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Categorization of pauses in conversational speech

Speaking of prosody: A symposium in conjunction with the 60th birthday of Professor Merle Horne. Lund University, May 21 2011
Year of publication: 
Conference poster

Pauses are often divided into pauses between turns and pauses within
turns; that is pauses where speaker change takes place, and pauses
where the same speaker speaks before and after the pause. While this
may be one way to categorize pauses, a further categorization will here
be suggested and backed up by data.
Within turns, there are two possible pause locations: a pause may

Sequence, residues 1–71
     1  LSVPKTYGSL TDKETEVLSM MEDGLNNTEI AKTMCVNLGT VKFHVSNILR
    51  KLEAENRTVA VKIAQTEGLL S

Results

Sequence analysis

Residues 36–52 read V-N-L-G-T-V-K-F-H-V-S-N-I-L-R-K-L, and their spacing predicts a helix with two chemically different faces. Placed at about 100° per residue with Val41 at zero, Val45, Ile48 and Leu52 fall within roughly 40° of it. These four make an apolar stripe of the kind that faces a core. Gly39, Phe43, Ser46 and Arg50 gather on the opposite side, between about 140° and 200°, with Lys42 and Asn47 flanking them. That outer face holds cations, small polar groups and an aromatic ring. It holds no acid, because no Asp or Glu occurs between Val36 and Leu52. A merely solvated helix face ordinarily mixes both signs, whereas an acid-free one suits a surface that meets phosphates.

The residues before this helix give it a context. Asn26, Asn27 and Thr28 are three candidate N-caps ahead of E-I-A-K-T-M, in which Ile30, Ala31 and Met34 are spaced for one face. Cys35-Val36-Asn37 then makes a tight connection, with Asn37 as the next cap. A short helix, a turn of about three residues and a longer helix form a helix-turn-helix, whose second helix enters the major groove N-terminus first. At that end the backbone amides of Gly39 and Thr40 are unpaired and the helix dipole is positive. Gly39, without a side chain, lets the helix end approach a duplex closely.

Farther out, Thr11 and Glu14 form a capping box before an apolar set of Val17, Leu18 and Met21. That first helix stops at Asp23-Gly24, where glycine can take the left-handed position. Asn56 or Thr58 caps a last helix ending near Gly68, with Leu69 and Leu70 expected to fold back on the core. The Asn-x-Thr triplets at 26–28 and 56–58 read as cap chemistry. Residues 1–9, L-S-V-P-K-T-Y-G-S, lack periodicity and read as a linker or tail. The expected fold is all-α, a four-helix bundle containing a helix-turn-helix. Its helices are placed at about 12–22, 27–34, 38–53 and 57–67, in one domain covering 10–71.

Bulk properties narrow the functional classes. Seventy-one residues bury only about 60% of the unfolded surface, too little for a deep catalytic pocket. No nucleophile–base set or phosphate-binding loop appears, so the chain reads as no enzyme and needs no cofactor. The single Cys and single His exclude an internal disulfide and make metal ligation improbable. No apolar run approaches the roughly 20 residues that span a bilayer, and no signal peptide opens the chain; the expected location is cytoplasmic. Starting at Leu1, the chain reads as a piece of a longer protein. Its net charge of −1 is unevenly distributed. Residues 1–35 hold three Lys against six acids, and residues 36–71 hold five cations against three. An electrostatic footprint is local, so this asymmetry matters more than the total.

occur at a possible transition relevance place (TRP), or it can occur
within a syntactic unit. This suggests that when the pause occurs
at a TRP, the speakers negotiate whether the current speaker shall
continue speaking, or if there will be a turn change. When the speaker
pauses within a syntactic unit, it is more clear that the speaker that
spoke before the pause will continue after the pause. In analogy with
this, at a turn change where no speaker has been nominated, speakers
need to negotiate who will take the turn. When a speaker has been
nominated by the previous speaker, the pause at the turn change does
not include “turn negotiation.”
When investigating pause lengths and variance, the pause types
that do not include turn negotiation show clear similarities, as do the
pauses that do include turn negotiation. It is therefore possible to
conclude that when only dividing pauses into occurring between and
within turns, some of the features that characterize different pause
types are lost.

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Page updated: 2012-01-30 14:03

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